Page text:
So I'm reading "Norwegian Wood" by Haruki Murakami and I came across this passage this line :

"Like the way a crow collects chunks of glass in a hollow tree."

In context:

"Don't be silly," said Midori. "You don't have to know anything to pass college entrance exams! All you need is a little intuition - and I have great intuition. 'Choose the correct answer from the following three.' I know immediately which one is right."

"My intuition's not as good as yours, so I have to learn systematic thinking to some extent. Like the way a crow collects chunks of glass in a hollow tree."

I'm not sure what he's trying to say here. Is this some strange idiom I'm unfamiliar with? Crows tend to be intelligent creatures, however, I don't believe they are systematic.

What do you guys think?


  • 1
    This was translated from the Japanese, so maybe you should ask on japanese.se ... it's a well known fact that crows collect shiny objects, but it beats me what this has to do with systematic thinking. – Peter Shor May 17 '16 at 16:01
  • The reason it probably sounds like nonsense is because it probably IS nonsense. Occam's razor. – user180089 Jun 16 '16 at 17:41

The image I glean from the passage is that the crow gradually builds up a hoard of glass, and the narrator gradually builds up an opinion, rather than gaining it in a single flash of insight.

It's not a recognizable American English idiom, and knowing Murakami it's likely to be an original image rather than a standard one.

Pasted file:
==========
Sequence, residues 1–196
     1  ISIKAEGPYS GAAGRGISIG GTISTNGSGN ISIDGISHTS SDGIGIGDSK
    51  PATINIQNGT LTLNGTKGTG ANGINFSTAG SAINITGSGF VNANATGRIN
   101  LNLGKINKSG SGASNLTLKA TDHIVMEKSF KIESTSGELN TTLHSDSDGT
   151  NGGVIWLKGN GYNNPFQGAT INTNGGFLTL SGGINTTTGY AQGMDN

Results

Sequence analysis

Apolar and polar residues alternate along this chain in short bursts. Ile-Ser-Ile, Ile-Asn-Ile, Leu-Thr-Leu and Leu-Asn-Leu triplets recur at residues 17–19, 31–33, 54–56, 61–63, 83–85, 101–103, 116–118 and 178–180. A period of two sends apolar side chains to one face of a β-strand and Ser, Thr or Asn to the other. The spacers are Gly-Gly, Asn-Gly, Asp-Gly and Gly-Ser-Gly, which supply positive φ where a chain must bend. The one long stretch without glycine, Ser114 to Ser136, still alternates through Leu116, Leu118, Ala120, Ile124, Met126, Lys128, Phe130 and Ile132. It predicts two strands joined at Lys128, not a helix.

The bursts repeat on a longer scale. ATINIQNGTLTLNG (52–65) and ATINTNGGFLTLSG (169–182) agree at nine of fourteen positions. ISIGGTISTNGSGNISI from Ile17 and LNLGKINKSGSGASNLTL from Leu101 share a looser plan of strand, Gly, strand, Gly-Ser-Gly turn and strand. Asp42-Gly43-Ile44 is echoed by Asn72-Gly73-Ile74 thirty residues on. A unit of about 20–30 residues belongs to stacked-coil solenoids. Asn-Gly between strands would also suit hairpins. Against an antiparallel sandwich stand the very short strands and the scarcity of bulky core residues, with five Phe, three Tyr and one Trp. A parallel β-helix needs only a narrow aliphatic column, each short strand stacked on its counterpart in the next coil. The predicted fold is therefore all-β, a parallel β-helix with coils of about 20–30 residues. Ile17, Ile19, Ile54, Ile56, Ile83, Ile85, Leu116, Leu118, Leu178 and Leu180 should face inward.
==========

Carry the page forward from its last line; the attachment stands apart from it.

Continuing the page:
I would assume it means that crows are attracted to valueless but pretty or distracting objects and try to carry them home.

In British English, calling someone 'a magpie' indicates the same thing - that they are easily distracted by shiny things, have lots of sparkle, jingle, or flash, or have a short attention span.

  • So you're saying that he's not describing his ability to systematically think, but his flaw in not being able to choose the correct answer based on intuition? The line would say "I have to think systematically to answer questions, if not I would get distracted by other things." I dig that. – playthisocarina May 17 '16 at 16:09

"Like the way a crow collects chunks of glass in a hollow tree."

The best answer would come from a Japanese translator telling us the original text.

Systematic thinking defined by Barry Richmond:

the art and science of making reliable inferences about behavior by developing an increasingly deep understanding of underlying structure.

The word glass is probably a translation from the phrase 'looking glass', meaning mirror.

Therefore, the text could mean that the he must piece together various parts in order to see the whole picture. In other words, he needs to see the underlying structure before making a decision. Midori, on the other hand, is stating that he intuitively knows which piece is best.

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